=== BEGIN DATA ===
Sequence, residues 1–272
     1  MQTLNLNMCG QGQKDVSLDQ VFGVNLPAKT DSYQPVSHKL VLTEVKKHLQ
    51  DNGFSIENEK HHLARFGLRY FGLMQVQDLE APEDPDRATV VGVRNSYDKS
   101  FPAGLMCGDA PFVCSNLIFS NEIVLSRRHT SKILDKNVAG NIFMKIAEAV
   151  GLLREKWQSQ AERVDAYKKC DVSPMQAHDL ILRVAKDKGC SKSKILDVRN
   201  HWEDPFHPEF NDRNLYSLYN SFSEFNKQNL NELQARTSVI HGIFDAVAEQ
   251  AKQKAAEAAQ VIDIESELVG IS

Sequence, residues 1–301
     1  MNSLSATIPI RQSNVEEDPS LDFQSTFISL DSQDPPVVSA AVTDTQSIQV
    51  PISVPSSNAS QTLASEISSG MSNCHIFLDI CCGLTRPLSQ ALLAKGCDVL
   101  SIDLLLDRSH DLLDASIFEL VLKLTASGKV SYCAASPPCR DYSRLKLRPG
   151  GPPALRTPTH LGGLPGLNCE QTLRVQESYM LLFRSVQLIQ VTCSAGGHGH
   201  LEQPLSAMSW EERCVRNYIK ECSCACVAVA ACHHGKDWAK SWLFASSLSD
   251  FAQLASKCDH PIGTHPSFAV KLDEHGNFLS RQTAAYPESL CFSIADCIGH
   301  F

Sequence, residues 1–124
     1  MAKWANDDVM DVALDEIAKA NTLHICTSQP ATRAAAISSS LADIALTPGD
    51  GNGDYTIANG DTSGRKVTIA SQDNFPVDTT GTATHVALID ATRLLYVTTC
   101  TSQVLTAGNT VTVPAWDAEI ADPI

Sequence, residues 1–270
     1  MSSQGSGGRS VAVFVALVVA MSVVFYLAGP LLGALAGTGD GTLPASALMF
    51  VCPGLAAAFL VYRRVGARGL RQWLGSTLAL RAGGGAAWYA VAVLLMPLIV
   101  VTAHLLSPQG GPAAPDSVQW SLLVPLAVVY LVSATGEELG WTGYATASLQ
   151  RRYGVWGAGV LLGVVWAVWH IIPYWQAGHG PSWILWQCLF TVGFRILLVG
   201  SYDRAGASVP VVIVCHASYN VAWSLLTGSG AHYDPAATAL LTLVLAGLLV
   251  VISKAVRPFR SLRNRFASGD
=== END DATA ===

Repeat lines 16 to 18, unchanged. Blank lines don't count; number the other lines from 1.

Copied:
Sequence, residues 1–124
     1  MAKWANDDVM DVALDEIAKA NTLHICTSQP ATRAAAISSS LADIALTPGD
    51  GNGDYTIANG DTSGRKVTIA SQDNFPVDTT GTATHVALID ATRLLYVTTC